*Whatever Happened To: DeMarco Murray
If Homerism had told you in 2007 that Murray would cap off his 2009 campaign with a paltry 27 yards on 20 carries–against Stanford’s porous defense, no less–you probably would have stopped reading my blog. (You still can.) Unfortunately, Murray ‘s extensive injury history appears to have robbed him of the explosiveness that made him such a stunning talent when he first hit the scene. To his credity, Murray has improved as both a power runner and pass catcher throughout the course of his career. That probably won’t be enough to restore his once-promising NFL draft prospects, though.
*Fresh Face: Ronnell Lewis
“The Hammer” brought the lumber as a special teams demon all season. The true freshman Lewis made an even stronger impression in the win over Stanford, registering six tackles in his first start. The native of tiny Dewar, Okla., should compete for a starting spot at linebacker in 2010.
*Coach on the Hot Seat: James Patton
Patton, OU’s offensive line coach, has to figure out a way to instill some discipline in his unit. For the second year in a row, the group was plagued by false starts and downright stupid personal fouls. Equally important, a good deal of the blame for the Sooners’ problems running the ball belongs to an o-line that just didn’t open enough holes this year.
*Johnny on the Spot: Eric Mensik
Mensik, a back-up tight end, deserves a special note of distinction for his fill-in work on the offensive line late in the season against Stanford and Oklahoma State. It will be interesting to see if the move is full-time next season.
*Sophomore Slump: Frank Alexander
After recovering from an all-too-commonplace stabbing injury at the beginning of last season, Alexander looked like a budding superstar in the second half of the season. What happened to the big fella’s disruptiveness this year? With Auston English mired in another injury-filled season, OU really could have used better production from Alexander. Especially if Jeremey Beal decides to head off to the NFL, reigniting Alexander’s development becomes paramount for defensive ends coach Chris Wilson in the offseason.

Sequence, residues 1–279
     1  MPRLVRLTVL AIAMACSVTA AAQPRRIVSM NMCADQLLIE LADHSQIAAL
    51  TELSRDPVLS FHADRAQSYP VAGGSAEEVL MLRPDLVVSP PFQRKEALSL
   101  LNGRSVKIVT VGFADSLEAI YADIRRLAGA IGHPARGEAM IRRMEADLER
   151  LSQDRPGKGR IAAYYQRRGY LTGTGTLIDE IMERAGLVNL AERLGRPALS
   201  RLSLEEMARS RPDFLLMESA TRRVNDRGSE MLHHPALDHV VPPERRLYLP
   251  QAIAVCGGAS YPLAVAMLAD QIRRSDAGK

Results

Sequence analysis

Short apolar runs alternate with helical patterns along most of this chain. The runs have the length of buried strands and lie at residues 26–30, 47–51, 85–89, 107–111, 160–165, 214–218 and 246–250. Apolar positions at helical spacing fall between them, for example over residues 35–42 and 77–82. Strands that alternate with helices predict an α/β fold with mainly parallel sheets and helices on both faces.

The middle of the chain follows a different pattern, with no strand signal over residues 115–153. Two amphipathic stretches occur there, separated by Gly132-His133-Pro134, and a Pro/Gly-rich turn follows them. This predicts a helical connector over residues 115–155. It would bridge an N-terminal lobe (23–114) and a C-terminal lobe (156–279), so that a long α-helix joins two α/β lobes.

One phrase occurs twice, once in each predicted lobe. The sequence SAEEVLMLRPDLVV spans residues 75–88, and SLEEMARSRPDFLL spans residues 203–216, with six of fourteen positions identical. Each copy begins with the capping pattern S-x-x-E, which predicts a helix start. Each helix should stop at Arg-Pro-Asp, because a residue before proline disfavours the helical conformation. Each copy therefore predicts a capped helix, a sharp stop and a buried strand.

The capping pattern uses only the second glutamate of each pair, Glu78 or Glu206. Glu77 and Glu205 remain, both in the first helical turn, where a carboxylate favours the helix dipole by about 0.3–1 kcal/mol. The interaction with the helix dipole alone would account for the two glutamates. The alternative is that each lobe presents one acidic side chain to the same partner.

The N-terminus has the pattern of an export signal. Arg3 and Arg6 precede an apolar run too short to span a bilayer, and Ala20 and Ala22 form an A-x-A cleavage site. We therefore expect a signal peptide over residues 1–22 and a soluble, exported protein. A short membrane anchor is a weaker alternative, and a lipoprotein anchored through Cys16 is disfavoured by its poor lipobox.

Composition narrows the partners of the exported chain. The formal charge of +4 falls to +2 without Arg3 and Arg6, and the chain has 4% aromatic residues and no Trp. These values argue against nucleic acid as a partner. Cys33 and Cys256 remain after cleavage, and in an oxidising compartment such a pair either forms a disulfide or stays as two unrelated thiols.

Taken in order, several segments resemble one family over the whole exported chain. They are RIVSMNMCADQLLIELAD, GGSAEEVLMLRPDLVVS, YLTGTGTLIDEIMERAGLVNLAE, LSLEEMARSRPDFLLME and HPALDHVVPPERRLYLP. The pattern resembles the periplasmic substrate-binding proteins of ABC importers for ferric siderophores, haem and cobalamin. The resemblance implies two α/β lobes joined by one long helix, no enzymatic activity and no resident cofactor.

*Worst Performance: Texas Tech 41, Oklahoma 13 (Nov. 21)
Red Raider coach Mike Leach’s team took his mentor’s team to the shed in one of the most humiliating defeats in Stoops’ tenure in Norman. After enduring 62-28 pounding at the hands of the Sooners a year before, it was the Raiders who got their jollies bopping to House of Pain’s Jump Around as this blowout wound down. A week later, ESPN analyst Kirk Herbstreit spliced together a lowlight reel of OU defenders giving some less-than-stellar effort.
*Best Performance: Oklahoma 27, Oklahoma State 0 (Nov. 28)
As they’ve done so many times in Norman under Stoops, the Sooners put on a dominating display against the Pokes. OU held the discombobulated Cowboy offense to just 2.1 yards per play in the shutout win, almost 3.5 yards below OSU’s season average.